Would you be offended if an online algorithm wrongly guessed your age from a photograph? Mine was off by about 15 years – and not in the good way. Behind the seemingly harmless fun involved in the How Old website from Microsoft, serious 'machine learning' is involved. The more photos uploaded for the machine to work on, the better it gets at face and gender recognition - and guessing ages. Read about How Machine Learning Works in the Economist, or delve deeper into their whole series on artificial intelligence.
Software algorithms work by poring through mountains of data, learning as they go. What if information about you gleaned from an algorithm was used to determine your loan application success? A rule of banking has always been to know your customer. By harvesting online data, or looking at how someone fills in a form, lenders now reckon “they can know borrowers as never before, and more accurately predict whether they will repay” than from a person’s credit history. So reports Steve Lohr in If Algorithms Know All, How Much Should Humans Help? (New York Times). But, according to Lohr, even the companies behind the algorithms think that a human sometimes needs to screen the results before they can be used in real life.
If machines and business are learning from big data, shouldn’t government and the public? Opening up the data that government collects and produces can be beneficial. In Evanston, Illinois, people can now conveniently access restaurant health inspection scores on Yelp, because of open data. The company Accela “worked with Evanston to automate the release of the City's restaurant inspection data, allowing citizen-facing websites and apps like Yelp to easily display the restaurant scores to diners as they choose where to eat. It even updates in real time as scores change”. In Open Data for California?, Maury Blackman of Accela describes the leaps that sections of the US government are making in terms of open data and real world applications.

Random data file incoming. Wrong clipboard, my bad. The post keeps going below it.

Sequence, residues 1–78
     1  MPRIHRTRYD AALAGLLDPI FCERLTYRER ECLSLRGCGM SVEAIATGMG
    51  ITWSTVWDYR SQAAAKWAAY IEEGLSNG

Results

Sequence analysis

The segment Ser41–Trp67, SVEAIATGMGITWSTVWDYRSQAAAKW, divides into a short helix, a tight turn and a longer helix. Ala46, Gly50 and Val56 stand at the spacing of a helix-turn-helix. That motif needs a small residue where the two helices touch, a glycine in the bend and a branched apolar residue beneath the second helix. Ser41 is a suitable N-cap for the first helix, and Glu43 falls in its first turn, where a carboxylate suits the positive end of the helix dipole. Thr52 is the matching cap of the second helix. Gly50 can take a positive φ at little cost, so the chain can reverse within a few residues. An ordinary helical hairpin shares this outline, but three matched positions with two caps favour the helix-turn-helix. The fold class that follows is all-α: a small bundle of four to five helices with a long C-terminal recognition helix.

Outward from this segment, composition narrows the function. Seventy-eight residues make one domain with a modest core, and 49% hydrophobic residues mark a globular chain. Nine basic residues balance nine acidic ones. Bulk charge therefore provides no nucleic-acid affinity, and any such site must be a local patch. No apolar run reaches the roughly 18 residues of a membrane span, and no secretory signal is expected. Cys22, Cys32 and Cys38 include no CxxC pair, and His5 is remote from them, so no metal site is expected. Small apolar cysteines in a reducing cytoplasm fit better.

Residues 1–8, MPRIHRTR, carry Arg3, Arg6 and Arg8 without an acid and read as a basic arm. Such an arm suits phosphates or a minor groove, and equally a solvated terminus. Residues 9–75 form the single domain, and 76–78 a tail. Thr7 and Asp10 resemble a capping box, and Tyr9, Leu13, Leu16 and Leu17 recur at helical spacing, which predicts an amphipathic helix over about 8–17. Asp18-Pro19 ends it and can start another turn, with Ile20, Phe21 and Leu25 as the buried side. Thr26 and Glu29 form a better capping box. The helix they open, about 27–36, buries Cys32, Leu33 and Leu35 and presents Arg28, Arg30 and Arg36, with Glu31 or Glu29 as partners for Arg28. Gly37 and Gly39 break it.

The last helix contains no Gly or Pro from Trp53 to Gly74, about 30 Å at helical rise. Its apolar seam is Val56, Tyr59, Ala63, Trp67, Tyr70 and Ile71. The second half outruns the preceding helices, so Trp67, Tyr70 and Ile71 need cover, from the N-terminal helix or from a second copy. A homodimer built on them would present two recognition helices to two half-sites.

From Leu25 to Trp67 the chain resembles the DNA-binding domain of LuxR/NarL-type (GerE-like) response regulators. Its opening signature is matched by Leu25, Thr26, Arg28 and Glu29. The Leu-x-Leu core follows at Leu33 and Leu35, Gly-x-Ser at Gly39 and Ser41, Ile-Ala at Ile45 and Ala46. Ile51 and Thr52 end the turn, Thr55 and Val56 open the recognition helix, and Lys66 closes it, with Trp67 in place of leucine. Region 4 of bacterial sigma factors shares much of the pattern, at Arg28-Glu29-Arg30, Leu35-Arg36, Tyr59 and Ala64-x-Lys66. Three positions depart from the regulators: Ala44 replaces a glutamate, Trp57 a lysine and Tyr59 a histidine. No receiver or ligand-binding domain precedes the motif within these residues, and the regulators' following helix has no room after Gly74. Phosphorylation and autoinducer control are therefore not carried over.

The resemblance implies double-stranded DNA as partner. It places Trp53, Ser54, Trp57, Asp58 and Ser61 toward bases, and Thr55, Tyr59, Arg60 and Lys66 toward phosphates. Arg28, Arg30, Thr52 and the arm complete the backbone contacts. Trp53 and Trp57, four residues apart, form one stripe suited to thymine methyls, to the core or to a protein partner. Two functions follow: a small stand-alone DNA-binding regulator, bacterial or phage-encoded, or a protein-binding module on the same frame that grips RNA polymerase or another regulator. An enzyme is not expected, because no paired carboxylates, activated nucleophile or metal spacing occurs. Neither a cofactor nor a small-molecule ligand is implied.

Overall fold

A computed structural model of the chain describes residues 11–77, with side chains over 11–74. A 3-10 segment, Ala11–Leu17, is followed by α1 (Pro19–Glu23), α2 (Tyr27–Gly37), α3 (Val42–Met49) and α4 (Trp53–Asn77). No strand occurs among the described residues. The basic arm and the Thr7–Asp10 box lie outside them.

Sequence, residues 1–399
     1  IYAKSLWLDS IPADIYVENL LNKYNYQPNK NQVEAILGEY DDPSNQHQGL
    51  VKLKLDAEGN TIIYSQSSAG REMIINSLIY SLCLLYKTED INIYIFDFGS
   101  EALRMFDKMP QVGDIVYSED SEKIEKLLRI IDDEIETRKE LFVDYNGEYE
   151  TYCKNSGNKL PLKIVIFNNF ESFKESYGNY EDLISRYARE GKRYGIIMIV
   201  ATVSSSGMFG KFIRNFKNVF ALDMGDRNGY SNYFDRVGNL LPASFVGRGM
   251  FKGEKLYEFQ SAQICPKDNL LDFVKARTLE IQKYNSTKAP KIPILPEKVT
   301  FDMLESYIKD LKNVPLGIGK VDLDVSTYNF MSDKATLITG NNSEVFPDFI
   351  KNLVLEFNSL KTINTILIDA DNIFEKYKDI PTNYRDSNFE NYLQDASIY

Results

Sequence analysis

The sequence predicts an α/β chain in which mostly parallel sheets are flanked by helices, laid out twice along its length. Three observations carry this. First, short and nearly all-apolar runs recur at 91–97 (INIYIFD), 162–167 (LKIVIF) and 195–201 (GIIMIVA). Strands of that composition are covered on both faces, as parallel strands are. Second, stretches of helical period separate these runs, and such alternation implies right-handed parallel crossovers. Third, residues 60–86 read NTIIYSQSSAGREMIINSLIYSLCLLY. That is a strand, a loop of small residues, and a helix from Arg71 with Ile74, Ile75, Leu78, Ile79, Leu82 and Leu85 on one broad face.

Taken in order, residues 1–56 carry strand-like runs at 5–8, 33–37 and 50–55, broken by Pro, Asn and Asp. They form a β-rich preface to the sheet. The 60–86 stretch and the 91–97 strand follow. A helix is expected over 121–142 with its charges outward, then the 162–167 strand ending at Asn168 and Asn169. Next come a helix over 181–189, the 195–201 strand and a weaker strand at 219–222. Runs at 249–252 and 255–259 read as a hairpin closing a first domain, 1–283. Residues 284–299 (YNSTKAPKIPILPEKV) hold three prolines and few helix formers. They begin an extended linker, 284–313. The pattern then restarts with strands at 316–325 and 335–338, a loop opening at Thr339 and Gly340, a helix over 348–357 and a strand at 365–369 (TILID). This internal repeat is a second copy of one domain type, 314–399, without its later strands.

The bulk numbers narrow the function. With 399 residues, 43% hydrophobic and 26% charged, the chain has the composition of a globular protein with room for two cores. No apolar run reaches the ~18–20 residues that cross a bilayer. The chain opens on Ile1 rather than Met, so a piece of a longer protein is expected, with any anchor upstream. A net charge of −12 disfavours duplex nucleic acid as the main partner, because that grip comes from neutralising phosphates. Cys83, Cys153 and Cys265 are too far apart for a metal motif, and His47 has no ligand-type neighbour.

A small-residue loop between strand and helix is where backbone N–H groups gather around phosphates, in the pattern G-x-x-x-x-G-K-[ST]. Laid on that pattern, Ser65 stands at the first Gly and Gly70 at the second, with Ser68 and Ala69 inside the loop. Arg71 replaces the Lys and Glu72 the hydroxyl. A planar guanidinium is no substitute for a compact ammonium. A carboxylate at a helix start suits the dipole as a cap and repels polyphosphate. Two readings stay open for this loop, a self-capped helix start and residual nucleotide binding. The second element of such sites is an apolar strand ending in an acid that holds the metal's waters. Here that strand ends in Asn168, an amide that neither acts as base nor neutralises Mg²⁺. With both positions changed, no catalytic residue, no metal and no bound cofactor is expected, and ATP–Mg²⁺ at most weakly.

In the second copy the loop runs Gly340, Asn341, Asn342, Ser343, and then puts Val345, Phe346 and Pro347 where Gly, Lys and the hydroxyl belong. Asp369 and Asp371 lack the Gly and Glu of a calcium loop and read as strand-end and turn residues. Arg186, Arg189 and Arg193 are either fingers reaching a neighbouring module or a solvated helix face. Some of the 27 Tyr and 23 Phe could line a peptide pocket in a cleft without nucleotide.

And if everyone else is learning, shouldn’t you be too? A good place to start would be to learn how your colleagues think. A lot of people in the web design or web development world feel pressure to learn skills from other disciplines – the idea that designers should be able to write code, and coders should understand colour and layout is pervasive. While there’s a lot to be said for a wider knowledge base, instead of trying to train specialists from one discipline to become specialists in another, perhaps the two could just become better at communicating to each other? In Designers And Developers: No Longer A House Divided, Ivana McConnell writes about placing emphasis on learning teamwork and collaboration, not on learning each other's hard-earned specialities.
But what can we learn right now? Don't use "click here" as a link title. See what I did there? Stephanie Leary explains in an article called Why “click here” is a terrible link, and what to write instead.
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